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Progesterone inhibits epithelial-to-mesenchymal transition in endometrial cancer: patient data

ABSTRACT: Every year more than 42,000 women die of endometrial cancer, mainly due to recurrent or metastatic disease. The presence of tumor infiltrating lymphocytes (TILs) as well as progesterone receptor (PR) positivity has been correlated with improved prognosis. This study describes two mechanisms by which progesterone inhibits metastatic spread of endometrial cancer: by stimulating T-cell infiltration and by inhibiting epithelial-to-mesenchymal cell transition (EMT). Paraffin sections from patients with (n=9) or without (n=10) progressive endometrial cancer (recurrent or metastatic disease) were assessed for the presence of CD4+ (helper), CD8+ (cytotoxic) and Foxp3+ (regulatory) T-lymphocytes and PR expression. Progressive disease was observed to be associated with significant loss of TILs and loss of PR expression. Frozen tumor samples, used for genome-wide expression analysis, showed significant regulation of pathways involved in immunosurveillance, EMT and metastasis. For a number of genes, such as CXCL14, DKK1, DKK4 and WIF1, quantitive RT-PCR was performed to verify down regulation in progressive disease. To corroborate the role of progesterone in regulating invasion, Ishikawa (IK) endometrial cancer cell lines stably transfected with PRA (IKPRA), PRB (IKPRB) and PRA+PRB (IKPRAB) were cultured in the presence/absence of progesterone (MPA) and used for genome-wide expression analysis, Boyden- and wound healing migration assays, and IHC for known EMT makers. IKPRB and IKPRAB cell lines showed MPA induced inhibition of migration and loss of the mesenchymal marker vimentin at the invasive front of the wound healing assay. Furthermore, pathway analysis of significantly MPA-regulated genes showed significant down regulation of important pathways involved in EMT, immunesuppression and metastasis: such as IL6-, TGF-β and Wnt/β-catenin signalling. Intact progesterone signaling in non-progressive endometrial cancer seems to be an important factor stimulating immunosurveillance and inhibiting transition from an epithelial to a more mesenchymal, more invasive phenotype. From 4 non-progressive and 4 progressive patients, snap-frozen endometrial cancer tumor specimens were used for microarray analysis. Gene expression data of progressive disease was compared with non-progressive disease.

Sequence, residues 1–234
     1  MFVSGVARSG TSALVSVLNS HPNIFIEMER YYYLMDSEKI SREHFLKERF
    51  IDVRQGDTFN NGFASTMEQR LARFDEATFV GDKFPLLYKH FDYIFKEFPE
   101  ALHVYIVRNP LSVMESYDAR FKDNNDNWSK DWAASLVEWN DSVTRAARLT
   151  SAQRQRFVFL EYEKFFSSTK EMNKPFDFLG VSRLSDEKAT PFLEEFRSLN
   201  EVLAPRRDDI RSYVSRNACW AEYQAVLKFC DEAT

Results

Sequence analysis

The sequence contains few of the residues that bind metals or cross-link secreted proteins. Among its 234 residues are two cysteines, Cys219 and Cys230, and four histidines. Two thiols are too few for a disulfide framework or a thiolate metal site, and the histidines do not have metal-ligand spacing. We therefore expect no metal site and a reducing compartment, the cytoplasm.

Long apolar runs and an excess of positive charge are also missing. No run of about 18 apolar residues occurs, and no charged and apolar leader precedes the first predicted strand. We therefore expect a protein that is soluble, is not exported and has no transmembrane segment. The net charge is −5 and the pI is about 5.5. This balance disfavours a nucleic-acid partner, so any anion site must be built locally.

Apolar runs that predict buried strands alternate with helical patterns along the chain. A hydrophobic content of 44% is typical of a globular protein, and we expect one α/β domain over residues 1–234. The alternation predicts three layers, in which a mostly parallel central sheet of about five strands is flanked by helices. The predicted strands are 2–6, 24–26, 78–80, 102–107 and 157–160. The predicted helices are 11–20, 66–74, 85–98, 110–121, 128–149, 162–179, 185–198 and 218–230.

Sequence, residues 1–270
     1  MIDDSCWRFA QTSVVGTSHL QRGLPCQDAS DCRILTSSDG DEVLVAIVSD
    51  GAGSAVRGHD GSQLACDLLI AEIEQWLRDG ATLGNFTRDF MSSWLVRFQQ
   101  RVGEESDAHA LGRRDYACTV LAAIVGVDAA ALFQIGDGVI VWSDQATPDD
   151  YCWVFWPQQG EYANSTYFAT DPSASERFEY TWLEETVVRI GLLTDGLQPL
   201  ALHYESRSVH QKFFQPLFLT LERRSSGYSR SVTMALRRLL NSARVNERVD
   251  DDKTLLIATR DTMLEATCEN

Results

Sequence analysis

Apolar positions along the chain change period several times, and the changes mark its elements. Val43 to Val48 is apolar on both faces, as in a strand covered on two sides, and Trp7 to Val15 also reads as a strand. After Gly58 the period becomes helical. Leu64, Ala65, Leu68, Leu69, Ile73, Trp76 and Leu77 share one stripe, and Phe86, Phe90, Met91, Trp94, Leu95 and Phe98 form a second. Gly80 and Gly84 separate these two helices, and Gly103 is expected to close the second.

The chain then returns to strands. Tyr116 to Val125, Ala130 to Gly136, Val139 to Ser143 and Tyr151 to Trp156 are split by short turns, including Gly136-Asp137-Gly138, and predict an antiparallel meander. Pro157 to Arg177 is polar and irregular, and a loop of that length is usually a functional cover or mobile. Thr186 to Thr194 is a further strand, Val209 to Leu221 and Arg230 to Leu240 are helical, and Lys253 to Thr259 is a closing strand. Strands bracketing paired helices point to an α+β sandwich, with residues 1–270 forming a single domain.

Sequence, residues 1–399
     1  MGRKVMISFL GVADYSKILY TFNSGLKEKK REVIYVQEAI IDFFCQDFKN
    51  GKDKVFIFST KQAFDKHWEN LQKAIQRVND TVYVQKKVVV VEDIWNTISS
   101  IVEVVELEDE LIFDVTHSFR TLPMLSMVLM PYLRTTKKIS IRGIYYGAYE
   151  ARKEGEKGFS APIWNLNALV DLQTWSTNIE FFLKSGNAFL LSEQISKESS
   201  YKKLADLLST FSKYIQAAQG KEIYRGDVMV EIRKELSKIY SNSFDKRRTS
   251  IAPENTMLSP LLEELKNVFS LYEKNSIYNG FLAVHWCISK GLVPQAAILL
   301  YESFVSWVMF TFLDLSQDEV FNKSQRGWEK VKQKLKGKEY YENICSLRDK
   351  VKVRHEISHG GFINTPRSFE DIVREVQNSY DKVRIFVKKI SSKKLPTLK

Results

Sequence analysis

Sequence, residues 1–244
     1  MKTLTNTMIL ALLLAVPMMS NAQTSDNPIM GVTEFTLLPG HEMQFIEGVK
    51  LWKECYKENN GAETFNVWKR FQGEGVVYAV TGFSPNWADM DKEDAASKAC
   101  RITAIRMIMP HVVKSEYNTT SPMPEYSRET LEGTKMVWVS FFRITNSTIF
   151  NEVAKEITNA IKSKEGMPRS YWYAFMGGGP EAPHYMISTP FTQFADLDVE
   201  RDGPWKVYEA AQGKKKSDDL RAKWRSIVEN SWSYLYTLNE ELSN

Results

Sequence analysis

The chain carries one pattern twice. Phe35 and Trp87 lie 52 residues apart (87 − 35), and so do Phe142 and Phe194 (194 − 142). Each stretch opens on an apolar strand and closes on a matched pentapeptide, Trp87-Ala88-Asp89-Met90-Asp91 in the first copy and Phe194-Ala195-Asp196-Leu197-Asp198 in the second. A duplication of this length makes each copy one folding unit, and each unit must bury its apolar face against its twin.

ORGANISM(S): Homo sapiens

PROVIDER: E-GEOD-29436 | BioStudies |

REPOSITORIES: biostudies

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